As the name suggests, the technical interest rate is a purely calculative figure. The technical interest rate is used to add interest on the capital that is set aside to cover the annual retirement pensions.
And now step by step: Until retirement, the retirement assets in your pension fund will yield more or less high interest. The interest is credited to your retirement assets annually. At the time of retirement, the retirement assets (including interest and compound interest) are converted into an annual pension. The capital is then gradually paid off, which brings us to the crucial question: How high is the return that the pension fund can continue to earn on the capital? This interest is no longer credited to your retirement assets. You will now receive a lifelong pension, the amount of which was determined at the time of retirement. The interest income is now a source of income for the pension fund.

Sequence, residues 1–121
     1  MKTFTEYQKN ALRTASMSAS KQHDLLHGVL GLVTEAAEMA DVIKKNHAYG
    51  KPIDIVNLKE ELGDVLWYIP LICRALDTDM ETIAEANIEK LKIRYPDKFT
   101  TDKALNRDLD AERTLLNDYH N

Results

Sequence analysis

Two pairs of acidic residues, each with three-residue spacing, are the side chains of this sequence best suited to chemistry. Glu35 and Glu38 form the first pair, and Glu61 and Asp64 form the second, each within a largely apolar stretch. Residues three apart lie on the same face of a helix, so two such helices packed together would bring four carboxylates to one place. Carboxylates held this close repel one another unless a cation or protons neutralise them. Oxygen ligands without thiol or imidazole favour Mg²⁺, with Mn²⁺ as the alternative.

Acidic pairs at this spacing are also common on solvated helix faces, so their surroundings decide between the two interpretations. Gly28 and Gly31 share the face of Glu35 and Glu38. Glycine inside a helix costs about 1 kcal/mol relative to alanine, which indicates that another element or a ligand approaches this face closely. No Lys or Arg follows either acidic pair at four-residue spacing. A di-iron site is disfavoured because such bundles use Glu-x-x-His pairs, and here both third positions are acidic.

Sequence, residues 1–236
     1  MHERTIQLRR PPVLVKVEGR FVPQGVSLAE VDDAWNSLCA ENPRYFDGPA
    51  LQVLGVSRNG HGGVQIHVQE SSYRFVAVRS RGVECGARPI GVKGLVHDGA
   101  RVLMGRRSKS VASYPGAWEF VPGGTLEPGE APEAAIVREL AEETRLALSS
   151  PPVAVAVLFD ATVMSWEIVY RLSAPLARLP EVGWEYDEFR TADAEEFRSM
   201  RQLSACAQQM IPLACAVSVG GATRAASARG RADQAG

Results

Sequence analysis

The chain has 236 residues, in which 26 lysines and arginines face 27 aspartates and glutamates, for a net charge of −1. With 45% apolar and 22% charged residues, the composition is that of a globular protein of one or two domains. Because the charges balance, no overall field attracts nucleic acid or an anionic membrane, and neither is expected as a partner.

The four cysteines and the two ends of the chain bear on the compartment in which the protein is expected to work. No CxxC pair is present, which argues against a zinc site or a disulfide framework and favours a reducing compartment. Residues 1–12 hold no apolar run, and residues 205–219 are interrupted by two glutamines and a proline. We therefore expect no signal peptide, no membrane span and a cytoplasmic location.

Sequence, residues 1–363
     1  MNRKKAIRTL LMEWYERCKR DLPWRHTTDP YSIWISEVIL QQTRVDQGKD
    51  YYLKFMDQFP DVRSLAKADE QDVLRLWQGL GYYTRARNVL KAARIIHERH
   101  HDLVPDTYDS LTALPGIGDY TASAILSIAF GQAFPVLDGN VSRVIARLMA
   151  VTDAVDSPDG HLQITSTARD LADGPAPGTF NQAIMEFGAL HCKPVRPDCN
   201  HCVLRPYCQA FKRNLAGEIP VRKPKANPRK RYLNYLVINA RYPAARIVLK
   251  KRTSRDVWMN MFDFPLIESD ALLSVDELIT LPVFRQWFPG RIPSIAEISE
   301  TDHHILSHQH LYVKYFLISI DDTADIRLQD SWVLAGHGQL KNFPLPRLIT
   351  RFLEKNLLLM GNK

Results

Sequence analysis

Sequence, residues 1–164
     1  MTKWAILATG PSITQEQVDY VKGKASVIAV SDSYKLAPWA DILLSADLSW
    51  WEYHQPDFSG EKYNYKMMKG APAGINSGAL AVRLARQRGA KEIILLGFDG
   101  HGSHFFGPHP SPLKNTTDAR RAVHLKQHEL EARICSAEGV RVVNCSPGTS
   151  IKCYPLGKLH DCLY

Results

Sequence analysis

If the return earned on the remaining capital is high, the pension fund can finance the pension payment for an extended period. A high technical interest rate has a positive effect on the coverage ratio of a pension fund.
The technical interest rate should reflect the expected return. However, there is an incentive to use the highest possible technical interest rate, since, as mentioned above, a high interest rate increases the coverage ratio and the coverage ratio of a pension fund is often used as a measure to assess the solvency of a pension fund.